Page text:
PS There was a thread recently about meditation. That could be helpful. I will try to find that.

  • lily316
    last month

    Jane, I am so sorry for your loss. I know you are grieving. Your whole life was spent with him. Please don't get rid of his photography. I think it will bring you peace in the future to look at them and see what he was seeing. It's a very rough patch of your life and I hope you will seek others who can help you.

    jane__ny thanked lily316
  • amylou321
    last month

    No need to get rid of his things. None at all. If you never want to then don't. And do not let any one pressure you into it either. In time they will bring joy and fond memories instead of such pain.

    If anything happens to my SO (barring illness or accident on my part he likely will go before me as he is almost 18 years older)and ANYONE tries to take so much as one sock of his out of my house,well, they better bring backup, a tazer and a straight jacket. They will not get it without all three.......

    My heart breaks for you right now. (Hugs)

    jane__ny thanked amylou321
  • raee_gw zone 5b-6a Ohio
    last month

    What you are feeling is absolutely normal! Grief after such a loss can be profound - allow yourself to feel it, just don't let it disable you entirely.

    You don't need to try to remove anything now, either from your home or your memory. The time will come when it comes.

    Yes, the grief does abate, faster for some, slower for others, but eventually you realize that you have a new normal and you are okay.

    I found that I really just needed to be able to talk about my loss with others who understood that need and what I was feeling - so I looked up a grief support group; I found that did give me some relief.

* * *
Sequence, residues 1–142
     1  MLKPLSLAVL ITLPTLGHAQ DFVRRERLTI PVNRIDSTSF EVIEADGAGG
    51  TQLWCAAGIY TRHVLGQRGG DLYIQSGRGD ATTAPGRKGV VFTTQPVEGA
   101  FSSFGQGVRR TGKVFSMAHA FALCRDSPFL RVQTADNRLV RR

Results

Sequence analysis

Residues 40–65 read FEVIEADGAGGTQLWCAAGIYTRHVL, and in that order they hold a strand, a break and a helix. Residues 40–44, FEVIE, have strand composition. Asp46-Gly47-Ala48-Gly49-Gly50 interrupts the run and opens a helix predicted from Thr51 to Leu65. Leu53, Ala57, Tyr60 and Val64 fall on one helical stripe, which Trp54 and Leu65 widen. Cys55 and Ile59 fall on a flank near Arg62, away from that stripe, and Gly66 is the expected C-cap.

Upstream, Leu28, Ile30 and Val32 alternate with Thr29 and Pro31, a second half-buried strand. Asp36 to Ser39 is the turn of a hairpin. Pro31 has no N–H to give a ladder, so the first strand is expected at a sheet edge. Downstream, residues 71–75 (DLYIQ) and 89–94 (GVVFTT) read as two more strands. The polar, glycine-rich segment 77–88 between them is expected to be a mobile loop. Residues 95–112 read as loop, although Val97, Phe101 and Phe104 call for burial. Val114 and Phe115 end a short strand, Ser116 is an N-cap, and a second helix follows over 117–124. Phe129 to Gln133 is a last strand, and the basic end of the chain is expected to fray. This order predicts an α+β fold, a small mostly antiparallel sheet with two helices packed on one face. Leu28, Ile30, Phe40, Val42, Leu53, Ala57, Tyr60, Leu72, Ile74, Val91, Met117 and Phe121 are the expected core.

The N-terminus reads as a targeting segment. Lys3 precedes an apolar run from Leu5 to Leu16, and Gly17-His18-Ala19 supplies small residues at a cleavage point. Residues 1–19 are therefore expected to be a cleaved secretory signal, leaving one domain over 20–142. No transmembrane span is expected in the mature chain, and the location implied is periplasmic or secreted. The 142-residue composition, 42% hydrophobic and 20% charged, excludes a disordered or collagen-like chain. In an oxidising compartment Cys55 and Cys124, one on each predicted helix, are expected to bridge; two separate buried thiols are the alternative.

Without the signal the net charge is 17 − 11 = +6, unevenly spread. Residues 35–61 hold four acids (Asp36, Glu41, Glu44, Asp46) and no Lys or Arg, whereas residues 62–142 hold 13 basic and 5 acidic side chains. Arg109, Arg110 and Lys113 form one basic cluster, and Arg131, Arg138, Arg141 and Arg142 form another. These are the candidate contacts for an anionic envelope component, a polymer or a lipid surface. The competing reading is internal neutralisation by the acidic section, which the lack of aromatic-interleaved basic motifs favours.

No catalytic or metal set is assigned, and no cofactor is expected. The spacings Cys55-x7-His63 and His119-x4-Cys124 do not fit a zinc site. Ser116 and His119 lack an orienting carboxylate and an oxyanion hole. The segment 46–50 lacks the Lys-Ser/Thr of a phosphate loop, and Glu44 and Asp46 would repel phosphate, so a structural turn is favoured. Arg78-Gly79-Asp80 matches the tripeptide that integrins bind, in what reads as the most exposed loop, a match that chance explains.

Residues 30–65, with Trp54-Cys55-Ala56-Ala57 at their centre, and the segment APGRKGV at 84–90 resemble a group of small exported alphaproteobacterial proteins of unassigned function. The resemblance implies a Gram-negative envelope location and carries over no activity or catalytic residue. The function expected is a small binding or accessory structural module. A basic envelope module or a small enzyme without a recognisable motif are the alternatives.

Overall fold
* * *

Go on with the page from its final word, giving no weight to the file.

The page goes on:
My best wishes for you in this very difficult period.

    jane__ny thanked raee_gw zone 5b-6a Ohio
  • Helen
    last month

    My condolences - what you are feeling is part of the normal grieving process. My experience with grief is that very gradually it abates but it never really goes away.


    People in the US have difficulty dealing with grief of others and people want you to be okay after a week or so. You are so early on in terms of the grief process so that it will still be intense and just wash over you in overwhelming waves.


    As others have posted, the best thing to do is nothing except what absolutely needs to be done in terms of the legal issues. There is certainly no reason to get rid of anything that gives you comfort. After my mother died, my father essentially kept every bit of tchocke in the place where she had put it until he moved to an assisted living facility some years later.


    At some point, for whatever reason, you may want to start weaning through things but there is no time table to do so. You had a comfortable home when he was still alive so it is not as if the objects are dysfunctional where they are now. Perhaps at some point you can start going through stuff that is easier to deal with like clothing - thinking that others less fortunate might really make good use of stuff makes it easier for me to release things.


    I had inherited a LOT of stuff from my mother and grandmother and at first I kept everything that I could cram into my condo. Eventually I winnowed it down to objects that brought me comfort and joy when I looked at them and released the others which I had kept out of guilt and inertia. But my situation was different than yours is because I had brought stuff INTO my home versus not getting rid of stuff that I had shared with someone - if that makes sense.